The Re-Release of Dusty Wright's Debut!

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Song of the Week: Anna Rose - "Los Angeles"

Our favorite NYC-based blues rocker babe is at it again! Anna Rose's slap-to-the-face ode to L.A -- simply titled "Los Angeles" -- has just been released as a video produced and directed by Miss Jennifer Tzar. Check her out for tour dates, swag, and more at, too.

Video of the Week: QOTSA - "Smooth Sailing"

Josh Homme and his QOTSA posse get some freak on in this cool ass video for "Smooth Sailing" directed by Hiro Murai (Childish Gambino, St. Vincent). Lots of drunken shenanigans with plenty of GoPro and POV camera angles and a relentless rock groove make this one crazy, Tarantino-like cinematic music experience.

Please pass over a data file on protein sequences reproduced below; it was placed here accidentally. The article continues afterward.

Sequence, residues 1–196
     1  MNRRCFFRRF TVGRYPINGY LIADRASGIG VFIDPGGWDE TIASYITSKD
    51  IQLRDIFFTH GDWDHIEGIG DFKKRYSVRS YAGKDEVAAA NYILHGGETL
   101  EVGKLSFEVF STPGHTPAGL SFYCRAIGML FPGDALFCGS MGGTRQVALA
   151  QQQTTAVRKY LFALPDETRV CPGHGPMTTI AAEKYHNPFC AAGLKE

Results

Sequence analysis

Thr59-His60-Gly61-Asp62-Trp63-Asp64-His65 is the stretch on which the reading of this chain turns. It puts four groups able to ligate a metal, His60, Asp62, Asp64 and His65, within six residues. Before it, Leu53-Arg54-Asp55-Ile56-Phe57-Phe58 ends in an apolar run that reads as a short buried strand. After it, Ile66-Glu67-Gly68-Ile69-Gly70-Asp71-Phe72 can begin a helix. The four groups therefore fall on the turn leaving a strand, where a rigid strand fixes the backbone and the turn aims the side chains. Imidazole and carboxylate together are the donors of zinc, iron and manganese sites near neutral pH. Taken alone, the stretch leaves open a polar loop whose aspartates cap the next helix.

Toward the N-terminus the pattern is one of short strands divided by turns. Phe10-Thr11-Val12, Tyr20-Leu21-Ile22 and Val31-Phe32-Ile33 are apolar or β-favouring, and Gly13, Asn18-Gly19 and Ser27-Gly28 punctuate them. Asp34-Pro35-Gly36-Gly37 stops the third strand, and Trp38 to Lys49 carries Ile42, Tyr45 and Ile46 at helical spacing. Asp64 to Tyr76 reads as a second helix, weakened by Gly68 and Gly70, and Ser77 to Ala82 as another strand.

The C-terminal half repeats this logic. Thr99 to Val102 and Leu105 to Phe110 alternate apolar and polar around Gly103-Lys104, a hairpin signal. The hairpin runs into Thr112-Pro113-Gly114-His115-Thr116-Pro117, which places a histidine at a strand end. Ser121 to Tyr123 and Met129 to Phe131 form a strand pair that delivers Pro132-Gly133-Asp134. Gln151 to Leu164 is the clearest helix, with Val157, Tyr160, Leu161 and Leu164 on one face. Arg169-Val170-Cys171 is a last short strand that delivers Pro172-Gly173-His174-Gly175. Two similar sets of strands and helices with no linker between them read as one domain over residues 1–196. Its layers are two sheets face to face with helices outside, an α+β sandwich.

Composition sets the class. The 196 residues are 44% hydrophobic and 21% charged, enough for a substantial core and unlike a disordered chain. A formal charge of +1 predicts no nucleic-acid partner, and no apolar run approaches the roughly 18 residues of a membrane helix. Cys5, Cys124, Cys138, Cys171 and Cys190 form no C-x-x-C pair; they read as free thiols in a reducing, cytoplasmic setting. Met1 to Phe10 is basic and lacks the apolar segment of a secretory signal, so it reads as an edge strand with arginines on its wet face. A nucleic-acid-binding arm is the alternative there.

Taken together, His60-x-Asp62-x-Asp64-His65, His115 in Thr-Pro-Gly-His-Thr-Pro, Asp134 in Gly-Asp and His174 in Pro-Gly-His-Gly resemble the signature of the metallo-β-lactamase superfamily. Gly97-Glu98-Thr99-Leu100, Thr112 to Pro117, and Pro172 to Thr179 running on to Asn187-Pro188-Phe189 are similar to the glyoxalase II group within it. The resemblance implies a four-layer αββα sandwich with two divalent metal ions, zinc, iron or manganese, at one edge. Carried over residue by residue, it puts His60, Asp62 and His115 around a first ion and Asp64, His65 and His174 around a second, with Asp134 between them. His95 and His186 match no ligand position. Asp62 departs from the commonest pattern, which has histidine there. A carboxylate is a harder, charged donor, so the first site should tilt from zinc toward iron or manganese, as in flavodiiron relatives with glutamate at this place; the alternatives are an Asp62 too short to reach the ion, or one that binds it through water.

A Naked Face in The Crowded City

(Ed. note - CC writer Ian Alterman writes about two of his favorite film classics.)

The Naked City

Two years after making The Naked City, director Jules Dassin would find himself on the Hollywood Blacklist, and move to Europe, never to return to the U.S.  His first film made in Europe, Rififi (1955), would become his most influential, beloved and, arguably, greatest film.  And there are already signs of the naturalist style used in Rififi in The Naked City, though the former is a classic (maybe the classic) heist film, while the latter is a film noir police procedural, complete with narration (which ends the movie with the famous line: “There are eight million stories in the naked city.  This is one of them.”) Read more »

Music to Thaw the Deep Freeze of 2014